Like many of their fellow fighters, the three Cardiff school friends – gap-year student Nasser Muthana, 20, his brother Aseel, 17, and their friend Reyaad Khan, 20 – are said to have jetted-in on a tourist fight to Antalya, in southern Turkey, after paying for a one-week stay at a five-star spa resort.
They apparently vanished at 7am the day after checking in. An inspection of their room revealed two abandoned suitcases and a discarded beard trimmer.
A taxi driver said they had asked the fare to Konya in eastern Turkey, then taken a bus instead. A hotel source said MI6 agents came to take their abandoned belongings.
Others simply use gleaming new Hatay airport, built just ten miles from the Syrian border.
Once in eastern Turkey, British jihadis hook up with IS handlers and embark on spending sprees in local army equipment shops.
In frontier town Reyhanli, a bombed-out staging post for hundreds of fighters, shop owner Abu Saleh said European jihadis buy hunting knives, sniper rifle sights, binoculars and desert camouflage fatigues.
He said one bearded man walked in waving $50,000 (£30,000) in bundles of cash and bought a thousand ‘magazine vests’ for carrying spare AK47 rifle ammunition clips.
At the nearby Miray Hotel, a busload of 30 Britons recently stayed on their way to Syria, the manager said. In another town on the tinderbox frontier, Kilis, a smuggler called Ibrahim said he drove five Britons dressed in Afghan garb over the line by simply bribing a border guard with ‘less than ten dollars’.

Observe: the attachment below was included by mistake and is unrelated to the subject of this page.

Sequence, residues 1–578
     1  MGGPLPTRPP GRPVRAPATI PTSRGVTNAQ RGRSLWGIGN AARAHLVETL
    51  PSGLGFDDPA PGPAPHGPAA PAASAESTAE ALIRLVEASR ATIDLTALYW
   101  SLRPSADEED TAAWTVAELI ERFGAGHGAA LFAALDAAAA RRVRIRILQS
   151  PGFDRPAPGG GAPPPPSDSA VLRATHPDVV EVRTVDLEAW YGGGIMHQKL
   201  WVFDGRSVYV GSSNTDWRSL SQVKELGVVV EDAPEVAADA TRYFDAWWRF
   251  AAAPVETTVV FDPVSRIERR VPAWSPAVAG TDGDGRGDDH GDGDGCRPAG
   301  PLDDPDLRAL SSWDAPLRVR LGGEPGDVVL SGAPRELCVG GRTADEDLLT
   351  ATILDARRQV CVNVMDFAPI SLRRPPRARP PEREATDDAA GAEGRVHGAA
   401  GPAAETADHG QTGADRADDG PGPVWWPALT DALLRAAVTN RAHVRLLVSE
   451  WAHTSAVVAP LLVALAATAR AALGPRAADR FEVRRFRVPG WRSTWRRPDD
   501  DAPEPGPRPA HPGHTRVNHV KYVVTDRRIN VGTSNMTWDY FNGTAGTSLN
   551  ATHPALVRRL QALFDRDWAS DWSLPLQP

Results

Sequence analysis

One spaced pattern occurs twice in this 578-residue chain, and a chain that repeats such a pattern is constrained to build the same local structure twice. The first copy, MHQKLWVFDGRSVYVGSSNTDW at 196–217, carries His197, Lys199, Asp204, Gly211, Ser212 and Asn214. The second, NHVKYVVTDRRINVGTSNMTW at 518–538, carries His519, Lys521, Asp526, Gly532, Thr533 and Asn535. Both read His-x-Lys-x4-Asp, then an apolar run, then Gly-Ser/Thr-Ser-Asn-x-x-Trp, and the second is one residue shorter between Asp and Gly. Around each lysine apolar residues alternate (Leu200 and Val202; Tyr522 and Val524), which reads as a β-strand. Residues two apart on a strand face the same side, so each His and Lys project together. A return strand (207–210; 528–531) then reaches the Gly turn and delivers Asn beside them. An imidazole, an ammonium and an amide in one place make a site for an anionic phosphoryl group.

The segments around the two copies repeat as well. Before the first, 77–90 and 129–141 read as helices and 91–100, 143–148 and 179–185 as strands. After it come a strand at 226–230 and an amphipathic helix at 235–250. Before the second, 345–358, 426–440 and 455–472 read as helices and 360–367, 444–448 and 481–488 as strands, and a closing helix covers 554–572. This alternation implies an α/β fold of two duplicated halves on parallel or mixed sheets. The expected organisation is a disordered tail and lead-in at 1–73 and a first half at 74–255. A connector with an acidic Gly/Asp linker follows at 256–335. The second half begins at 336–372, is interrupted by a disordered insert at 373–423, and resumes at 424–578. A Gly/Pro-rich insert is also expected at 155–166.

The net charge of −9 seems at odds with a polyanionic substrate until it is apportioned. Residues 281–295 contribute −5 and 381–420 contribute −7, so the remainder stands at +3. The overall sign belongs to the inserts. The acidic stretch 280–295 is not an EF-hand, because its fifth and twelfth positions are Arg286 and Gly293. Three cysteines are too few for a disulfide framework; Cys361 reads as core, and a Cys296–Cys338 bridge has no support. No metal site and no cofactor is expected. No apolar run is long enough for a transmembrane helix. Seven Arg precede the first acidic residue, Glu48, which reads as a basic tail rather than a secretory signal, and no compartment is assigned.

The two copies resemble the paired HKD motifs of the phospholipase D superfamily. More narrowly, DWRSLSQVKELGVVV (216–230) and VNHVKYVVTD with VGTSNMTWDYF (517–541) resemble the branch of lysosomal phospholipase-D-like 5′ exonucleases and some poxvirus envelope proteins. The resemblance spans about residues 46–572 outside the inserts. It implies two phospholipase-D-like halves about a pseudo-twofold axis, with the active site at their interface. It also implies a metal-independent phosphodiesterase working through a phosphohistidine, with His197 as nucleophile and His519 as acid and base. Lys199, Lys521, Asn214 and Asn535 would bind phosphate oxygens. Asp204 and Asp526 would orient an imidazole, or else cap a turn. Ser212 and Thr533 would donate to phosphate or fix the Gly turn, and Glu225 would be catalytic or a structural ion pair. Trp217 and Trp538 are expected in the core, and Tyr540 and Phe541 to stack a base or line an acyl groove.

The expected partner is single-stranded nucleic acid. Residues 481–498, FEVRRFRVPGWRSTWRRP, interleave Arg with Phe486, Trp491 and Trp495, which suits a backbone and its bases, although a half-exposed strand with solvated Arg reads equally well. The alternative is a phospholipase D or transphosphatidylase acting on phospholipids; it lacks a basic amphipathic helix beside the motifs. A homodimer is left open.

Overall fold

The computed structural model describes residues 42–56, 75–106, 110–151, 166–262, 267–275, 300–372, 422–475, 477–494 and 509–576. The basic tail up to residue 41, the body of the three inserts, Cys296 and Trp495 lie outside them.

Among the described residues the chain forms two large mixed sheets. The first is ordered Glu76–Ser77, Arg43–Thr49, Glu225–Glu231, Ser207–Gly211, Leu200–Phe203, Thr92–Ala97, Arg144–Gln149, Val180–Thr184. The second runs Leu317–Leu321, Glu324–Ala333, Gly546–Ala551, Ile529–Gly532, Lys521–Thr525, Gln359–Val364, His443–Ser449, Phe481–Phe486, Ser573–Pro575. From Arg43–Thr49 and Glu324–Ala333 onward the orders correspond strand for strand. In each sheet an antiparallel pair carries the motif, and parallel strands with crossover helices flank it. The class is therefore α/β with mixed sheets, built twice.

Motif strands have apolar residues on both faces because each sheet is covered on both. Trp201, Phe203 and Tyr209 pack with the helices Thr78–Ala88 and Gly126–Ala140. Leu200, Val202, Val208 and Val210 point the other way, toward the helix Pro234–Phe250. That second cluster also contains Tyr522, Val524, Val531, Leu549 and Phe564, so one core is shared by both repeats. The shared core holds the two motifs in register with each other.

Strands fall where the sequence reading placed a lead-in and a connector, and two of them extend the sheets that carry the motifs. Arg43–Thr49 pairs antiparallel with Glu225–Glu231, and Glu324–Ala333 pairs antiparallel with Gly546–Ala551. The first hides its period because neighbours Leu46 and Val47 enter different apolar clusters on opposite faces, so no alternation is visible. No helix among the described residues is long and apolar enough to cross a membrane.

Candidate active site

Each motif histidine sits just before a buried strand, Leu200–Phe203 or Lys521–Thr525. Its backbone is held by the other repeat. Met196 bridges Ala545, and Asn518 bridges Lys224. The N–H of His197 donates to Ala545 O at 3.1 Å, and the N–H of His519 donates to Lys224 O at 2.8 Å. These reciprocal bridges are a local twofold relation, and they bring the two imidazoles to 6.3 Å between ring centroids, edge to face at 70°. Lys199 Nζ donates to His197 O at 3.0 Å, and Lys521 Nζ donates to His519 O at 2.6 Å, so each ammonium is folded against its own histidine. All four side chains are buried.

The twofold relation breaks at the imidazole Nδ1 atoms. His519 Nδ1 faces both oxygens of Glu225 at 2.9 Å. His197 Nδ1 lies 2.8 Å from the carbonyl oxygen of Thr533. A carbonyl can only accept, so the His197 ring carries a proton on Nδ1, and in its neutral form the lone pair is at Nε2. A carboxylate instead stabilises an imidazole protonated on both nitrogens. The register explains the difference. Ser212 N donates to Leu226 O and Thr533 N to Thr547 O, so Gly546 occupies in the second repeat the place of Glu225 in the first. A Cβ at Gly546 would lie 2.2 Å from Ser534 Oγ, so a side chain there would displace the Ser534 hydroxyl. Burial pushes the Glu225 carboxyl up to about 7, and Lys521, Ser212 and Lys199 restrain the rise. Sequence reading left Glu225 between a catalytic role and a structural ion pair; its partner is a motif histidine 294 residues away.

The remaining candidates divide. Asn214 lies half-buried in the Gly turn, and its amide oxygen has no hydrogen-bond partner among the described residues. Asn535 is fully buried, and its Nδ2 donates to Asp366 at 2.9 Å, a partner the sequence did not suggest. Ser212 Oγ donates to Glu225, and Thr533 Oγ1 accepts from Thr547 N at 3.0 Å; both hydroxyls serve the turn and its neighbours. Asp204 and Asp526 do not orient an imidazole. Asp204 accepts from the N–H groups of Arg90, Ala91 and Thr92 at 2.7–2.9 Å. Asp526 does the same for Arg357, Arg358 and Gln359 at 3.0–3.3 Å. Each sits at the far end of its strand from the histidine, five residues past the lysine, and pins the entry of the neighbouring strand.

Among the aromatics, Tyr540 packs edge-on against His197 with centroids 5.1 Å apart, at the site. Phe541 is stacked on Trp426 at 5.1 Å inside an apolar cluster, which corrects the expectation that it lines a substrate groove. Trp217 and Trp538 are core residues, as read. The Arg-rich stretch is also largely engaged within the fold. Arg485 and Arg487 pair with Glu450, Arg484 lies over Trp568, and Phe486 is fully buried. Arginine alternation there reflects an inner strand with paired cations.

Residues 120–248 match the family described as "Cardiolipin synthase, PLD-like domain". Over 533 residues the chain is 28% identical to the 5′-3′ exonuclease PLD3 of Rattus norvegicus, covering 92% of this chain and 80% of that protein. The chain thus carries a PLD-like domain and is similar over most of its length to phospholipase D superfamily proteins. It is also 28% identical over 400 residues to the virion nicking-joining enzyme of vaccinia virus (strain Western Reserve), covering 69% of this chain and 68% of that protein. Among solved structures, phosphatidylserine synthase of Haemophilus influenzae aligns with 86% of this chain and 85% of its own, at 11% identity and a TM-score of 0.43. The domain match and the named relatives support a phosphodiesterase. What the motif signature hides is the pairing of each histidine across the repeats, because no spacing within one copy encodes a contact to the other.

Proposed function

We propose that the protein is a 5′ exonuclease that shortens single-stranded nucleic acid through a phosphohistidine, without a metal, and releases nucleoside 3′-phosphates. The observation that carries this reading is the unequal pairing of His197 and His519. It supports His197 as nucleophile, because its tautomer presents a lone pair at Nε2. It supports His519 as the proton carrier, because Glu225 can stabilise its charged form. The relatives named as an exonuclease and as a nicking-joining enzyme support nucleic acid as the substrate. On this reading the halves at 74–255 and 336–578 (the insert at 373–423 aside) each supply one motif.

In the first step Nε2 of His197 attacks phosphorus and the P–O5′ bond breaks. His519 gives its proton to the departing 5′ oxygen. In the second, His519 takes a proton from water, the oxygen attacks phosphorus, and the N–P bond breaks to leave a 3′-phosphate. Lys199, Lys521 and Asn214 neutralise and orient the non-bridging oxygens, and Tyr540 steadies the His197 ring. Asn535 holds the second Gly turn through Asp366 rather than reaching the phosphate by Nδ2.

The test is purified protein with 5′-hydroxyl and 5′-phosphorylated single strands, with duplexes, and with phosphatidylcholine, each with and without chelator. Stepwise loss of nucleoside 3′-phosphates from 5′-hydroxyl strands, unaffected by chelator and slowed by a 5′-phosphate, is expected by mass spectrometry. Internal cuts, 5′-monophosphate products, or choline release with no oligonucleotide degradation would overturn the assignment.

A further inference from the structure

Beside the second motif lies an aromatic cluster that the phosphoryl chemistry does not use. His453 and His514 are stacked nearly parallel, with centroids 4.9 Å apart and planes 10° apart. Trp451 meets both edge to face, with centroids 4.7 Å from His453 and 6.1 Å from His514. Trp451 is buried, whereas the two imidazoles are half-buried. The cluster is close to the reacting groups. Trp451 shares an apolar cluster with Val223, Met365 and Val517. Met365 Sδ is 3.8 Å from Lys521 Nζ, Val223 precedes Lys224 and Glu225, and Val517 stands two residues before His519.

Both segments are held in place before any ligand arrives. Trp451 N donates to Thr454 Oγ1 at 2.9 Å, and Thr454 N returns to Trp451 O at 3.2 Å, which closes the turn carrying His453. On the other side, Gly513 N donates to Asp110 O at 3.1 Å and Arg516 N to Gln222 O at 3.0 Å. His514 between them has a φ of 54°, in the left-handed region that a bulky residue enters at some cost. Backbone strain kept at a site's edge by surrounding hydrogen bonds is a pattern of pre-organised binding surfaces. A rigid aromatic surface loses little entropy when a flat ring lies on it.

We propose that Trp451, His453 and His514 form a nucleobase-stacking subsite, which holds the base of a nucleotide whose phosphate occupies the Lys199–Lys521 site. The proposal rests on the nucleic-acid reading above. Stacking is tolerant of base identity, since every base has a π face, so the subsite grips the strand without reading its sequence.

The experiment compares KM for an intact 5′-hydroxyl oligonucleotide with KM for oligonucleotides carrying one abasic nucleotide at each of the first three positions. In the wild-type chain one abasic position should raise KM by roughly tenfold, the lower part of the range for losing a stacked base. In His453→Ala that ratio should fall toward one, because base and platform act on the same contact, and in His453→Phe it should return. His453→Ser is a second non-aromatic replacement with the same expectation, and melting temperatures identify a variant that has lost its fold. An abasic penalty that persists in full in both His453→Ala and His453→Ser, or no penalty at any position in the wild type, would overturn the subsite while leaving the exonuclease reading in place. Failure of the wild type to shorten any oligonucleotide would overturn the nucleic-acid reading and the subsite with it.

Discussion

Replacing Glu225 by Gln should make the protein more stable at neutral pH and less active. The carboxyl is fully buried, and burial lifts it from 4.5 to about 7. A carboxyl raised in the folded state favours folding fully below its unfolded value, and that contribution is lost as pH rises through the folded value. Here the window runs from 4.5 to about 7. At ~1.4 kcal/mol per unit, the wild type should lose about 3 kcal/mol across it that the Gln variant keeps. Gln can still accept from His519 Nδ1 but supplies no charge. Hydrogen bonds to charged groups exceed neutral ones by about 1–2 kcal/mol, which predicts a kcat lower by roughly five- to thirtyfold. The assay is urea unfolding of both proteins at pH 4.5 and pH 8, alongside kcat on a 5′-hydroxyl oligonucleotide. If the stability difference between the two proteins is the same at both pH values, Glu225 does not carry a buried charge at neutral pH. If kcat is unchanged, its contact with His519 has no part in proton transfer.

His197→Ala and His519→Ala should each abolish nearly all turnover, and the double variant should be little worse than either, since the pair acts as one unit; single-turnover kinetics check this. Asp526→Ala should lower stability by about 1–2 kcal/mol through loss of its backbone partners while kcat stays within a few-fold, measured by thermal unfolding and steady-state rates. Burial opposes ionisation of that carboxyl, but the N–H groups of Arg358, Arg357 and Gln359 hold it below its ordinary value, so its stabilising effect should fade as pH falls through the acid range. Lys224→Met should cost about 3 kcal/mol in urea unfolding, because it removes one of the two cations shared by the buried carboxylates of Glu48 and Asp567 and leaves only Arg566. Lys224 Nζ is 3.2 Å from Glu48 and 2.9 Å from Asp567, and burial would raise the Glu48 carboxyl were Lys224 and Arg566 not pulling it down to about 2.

The Mail has witnessed just how easy the crossing is. On a dry, dusty track that is one of the ancient smuggling routes criss-crossing over the hills to Syria, there is nothing but scraps of broken barbed wire marking the border.
The path leads down to the Orontes river, which meanders through the valley of olive plantations, and on the other side is Syria.
A Turkish army truck full of soldiers drove by. They barely glanced at a gaggle of smugglers from local villages who were busy carting oil drums and boxes of food and medicine down to the riverbank, to be pulled across on makeshift rafts.
At sunset, jihadis slip into Syria the same way, without ever encountering a border official. Similar scenes unfold at hundreds of unguarded points along a border that stretches 560 mountainous miles.